Our Story: from the garbage dumps of Phnom Penh to the rice fields of Sen Sok
In 2007, Pierre Mainguy was finishing his degree in finance at the International Management Institute of Paris when working for Angels Investors and Venture Capitalists in the Greater Los Angeles Area. That’s when he got the opportunity to meet John Whaley, who was already involved in Cambodia. His philanthropic work consisted of helping a nonprofit provide critically needed social assistance to children whose families lived on the city dump as garbage pickets in Phnom Penh.
Pierre was brought in for his skills in startup development to create economic opportunities for children that graduated from this program. During his first trip, Pierre interviewed several families on the dump, where he learned they all shared a common story. All of these desperate families used to have a plot of land, a farm, and a home in their village, which they ultimately all lost to lenders.
With over 80% of the population in rural areas making a living from rice farming, many face the risk. This risk is only increased in the face of climate change and persistent droughts which make it harder to predict rice yields. It was clear that a solution in those villages was needed, in order to derail the cycle of poverty at an earlier stage where we can turn stil challenges into opportunities.
As a result of these combined factors, 40% of Cambodia's children are stunted because of a lack of nutrition in the neonatal and prenatal stages of live. The United Nation's UNICEF has listed Cambodia as 'alarming' in that regard.
Since 2009, Pierre has been working on empowering the people of Sen Sok through a participatory approach involving a lot of focus group discussions with the villagers. With the support of John Whaley and his boots on the ground, Pierre and Community First were able to bring water to 10,000 people to address the community’s self-stated first need: clean water. Then came permaculture to help revitalize their sand & clay soil. Then the biodigesters to create fertilizer the land and power the home, and so many more solutions to help people create a livelihood and reclaim their freedom from poverty.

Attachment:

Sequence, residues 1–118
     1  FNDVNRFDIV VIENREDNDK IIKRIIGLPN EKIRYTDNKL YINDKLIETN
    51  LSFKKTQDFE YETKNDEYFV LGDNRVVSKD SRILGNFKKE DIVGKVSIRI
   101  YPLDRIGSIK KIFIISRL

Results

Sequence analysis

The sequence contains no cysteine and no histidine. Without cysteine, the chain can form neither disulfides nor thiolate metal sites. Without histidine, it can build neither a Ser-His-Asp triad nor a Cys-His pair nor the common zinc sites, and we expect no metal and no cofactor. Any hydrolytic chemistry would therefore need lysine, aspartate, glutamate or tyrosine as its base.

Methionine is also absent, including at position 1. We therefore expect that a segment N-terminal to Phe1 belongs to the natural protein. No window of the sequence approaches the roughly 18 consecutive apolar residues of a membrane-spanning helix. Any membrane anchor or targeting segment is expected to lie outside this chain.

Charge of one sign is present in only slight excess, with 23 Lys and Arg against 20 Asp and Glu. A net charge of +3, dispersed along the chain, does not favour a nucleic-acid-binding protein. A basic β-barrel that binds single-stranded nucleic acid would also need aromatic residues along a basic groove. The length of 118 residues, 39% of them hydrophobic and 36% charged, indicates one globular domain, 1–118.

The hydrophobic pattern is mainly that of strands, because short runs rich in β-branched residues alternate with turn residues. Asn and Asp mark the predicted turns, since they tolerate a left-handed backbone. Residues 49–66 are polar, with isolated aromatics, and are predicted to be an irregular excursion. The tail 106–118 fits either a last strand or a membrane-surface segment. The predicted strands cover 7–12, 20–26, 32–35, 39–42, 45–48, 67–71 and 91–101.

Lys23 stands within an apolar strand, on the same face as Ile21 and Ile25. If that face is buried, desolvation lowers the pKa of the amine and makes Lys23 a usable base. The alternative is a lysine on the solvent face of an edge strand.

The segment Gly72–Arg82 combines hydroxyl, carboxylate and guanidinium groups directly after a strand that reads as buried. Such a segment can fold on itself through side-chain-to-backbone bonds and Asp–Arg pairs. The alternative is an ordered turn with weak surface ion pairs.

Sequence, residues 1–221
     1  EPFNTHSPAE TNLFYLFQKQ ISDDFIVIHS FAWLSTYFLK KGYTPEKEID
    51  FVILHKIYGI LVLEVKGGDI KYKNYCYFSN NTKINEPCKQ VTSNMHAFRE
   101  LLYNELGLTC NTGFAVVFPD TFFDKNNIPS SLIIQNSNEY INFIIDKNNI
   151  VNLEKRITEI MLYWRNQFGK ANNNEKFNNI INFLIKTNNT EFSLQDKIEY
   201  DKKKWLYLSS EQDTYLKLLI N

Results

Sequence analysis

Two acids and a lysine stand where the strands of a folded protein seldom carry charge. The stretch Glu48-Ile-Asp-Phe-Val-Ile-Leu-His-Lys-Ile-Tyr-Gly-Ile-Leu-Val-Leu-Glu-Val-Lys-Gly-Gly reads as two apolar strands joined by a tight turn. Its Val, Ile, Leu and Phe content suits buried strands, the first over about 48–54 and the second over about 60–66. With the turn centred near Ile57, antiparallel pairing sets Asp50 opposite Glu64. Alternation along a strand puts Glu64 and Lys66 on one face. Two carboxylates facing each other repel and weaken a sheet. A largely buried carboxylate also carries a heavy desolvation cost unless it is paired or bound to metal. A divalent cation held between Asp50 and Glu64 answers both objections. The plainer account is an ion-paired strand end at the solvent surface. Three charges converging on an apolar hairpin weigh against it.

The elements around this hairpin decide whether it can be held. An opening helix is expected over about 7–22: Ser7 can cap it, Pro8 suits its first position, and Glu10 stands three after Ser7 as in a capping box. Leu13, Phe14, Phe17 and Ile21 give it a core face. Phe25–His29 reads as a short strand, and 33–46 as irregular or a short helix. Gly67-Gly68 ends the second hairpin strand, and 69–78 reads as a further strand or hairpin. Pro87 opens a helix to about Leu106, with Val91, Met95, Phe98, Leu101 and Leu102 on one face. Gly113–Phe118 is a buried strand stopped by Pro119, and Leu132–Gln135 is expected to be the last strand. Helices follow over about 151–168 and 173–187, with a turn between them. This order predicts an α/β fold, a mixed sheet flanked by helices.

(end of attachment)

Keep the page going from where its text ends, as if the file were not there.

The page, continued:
But in the 2010s, a particularly bad El Nino event turned the dry season in a persistent drought, making it very difficult for families to sustain their newly found freedom. Work soon began researching & developing as many social innovations as possible that would be both drought-resistant and water-saving. A clear winner came out of this contest in the form of aquaponics, a food system that brings together the best of fish farming & vegetable farming while recirculating water, without involving any soil.
In 2015 Pierre met Romain Rak, a horticulturist & artist with a keen interest in aquaponics. They started working together on developing off-grid aquaponics for the villages even before Romain officially joined the ranks of Community First. After several editions of a reliable model that found its inspiration in a publication by the United Nations’ Food & Agriculture Organization, a final prototype was ready for a pilot project.
As a result of this monoculture of rice, and the inability to farm fresh produce or raise fish year-round, diabetes affects 12-14% of the rural population in Sen Sok (Source: Cambodian Diabetes Association). The farming of a protein source and fresh produce makes aquaponics an incredibly effective solutions for helping families caring for their health through nutrition.
With a solution ready to roll and families aching to farm and sustain themselves, the entire operation of Community First was centralized in Sen Sok on the grounds of the community training center it had built-in 2009. This facility was converted into a commercial-scale demonstration farm where we teach the people nearby. As a result, we’re able to provide more continuing education & training opportunities to aquaponic farmers.
Today, this farm school is home to social innovation in rural Cambodia and we are building more family systems and training more people than ever. In the Greater Los Angeles Area, where we provide aquaponic workshops to the community at large, we also have a demonstration site at the Huntington Library, Art Museum, and Botanical Gardens.
Our goal is to grow this project’s sustainability and impact so that we can do more when we’re ready to scale and replicate our approach to nonprofit work: one that is people-driven and focused on social innovation.